I was particularly attracted to the work of Bryony Campbell (The Dad Project) and Kaylin Devaney (The Day to Day Life of Alfred Hastings) and my assignment on illiteracy, with a similar photo essay approach, was well received by my tutor. I was also very interested in Tom Hunter and his work that was inspired by old paintings. In addition, I came across Dulcie Wagstaff while researching for assignment four and immediately engaged with her work Familiar Gardens’. I am veering towards projects that relate to personal experiences of ordinary life.

Which area seemed furthest away from who you want to be as a photographer?

Aftermath and insider reportage.

What were the main things you learnt? Where there any epiphany moments?

The whole course was hugely informative and how it slowly builds up a significant awareness of the canon of photography is a main learning point. Exposure to other people’s work is inspiring in showing the diversity and importance of different approaches.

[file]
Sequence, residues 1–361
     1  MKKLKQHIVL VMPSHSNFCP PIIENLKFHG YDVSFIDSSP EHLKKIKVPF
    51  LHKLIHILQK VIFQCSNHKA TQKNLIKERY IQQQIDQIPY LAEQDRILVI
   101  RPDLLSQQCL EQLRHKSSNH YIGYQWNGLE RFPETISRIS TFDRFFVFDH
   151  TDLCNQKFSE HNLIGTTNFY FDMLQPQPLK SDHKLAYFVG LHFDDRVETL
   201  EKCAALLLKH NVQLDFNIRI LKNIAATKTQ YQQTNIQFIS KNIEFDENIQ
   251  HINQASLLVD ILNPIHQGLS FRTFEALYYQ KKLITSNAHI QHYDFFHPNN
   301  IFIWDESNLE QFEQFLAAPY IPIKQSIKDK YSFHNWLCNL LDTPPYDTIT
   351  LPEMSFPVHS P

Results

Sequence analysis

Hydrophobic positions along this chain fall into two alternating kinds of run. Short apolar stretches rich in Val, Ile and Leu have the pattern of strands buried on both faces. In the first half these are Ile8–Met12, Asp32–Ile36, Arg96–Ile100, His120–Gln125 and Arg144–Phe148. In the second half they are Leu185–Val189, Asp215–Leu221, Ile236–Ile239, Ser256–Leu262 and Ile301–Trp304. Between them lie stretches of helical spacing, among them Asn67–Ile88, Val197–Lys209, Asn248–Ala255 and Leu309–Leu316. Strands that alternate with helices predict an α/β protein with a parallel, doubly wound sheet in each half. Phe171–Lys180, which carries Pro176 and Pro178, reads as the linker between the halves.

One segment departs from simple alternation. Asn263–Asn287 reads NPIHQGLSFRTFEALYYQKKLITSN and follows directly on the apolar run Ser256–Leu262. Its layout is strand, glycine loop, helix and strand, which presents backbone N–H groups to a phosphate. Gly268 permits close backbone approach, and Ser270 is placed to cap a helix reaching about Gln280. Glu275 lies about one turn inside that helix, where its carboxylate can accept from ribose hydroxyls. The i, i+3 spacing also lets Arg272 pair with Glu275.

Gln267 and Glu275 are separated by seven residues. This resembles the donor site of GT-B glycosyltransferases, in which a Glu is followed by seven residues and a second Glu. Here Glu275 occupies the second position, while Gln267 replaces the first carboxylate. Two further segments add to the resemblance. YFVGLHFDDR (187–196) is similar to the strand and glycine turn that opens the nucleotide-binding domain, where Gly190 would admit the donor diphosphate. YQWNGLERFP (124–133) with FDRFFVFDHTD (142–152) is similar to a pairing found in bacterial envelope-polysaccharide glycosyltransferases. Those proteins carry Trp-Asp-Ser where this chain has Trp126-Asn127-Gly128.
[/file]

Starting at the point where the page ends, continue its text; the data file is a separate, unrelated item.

Regarding epiphany moments? Learning about deconstruction  and semiotics really made me think of photography as a language and now I have had the epiphany I cannot ‘un-have’ it!  Oh, and punctum and studium also helped everything fall into place regarding finding the meaning in images.

Will you return to any of the assignments from this course at a later date? Did you feel as if you were on the cusp of anything?

I was encouraged by my illiteracy project and feel that I could consider other areas in which to develop a photo essay narrative; perhaps concentrating on female experience (I am thinking of Hannah Starkey) or mental health, or ordinary life or gender issues or the minutia of life that is important at the time but really not in the whole scheme of things.

Below are resources that I intend to return to:



and finally…

A great course and a great tutor. Many thanks to the OCA and many thanks to Derek Trillo for his very quick responses, his feedback, help and approachability. I couldn’t have asked for a better tutor.

Reflection 3 March 2018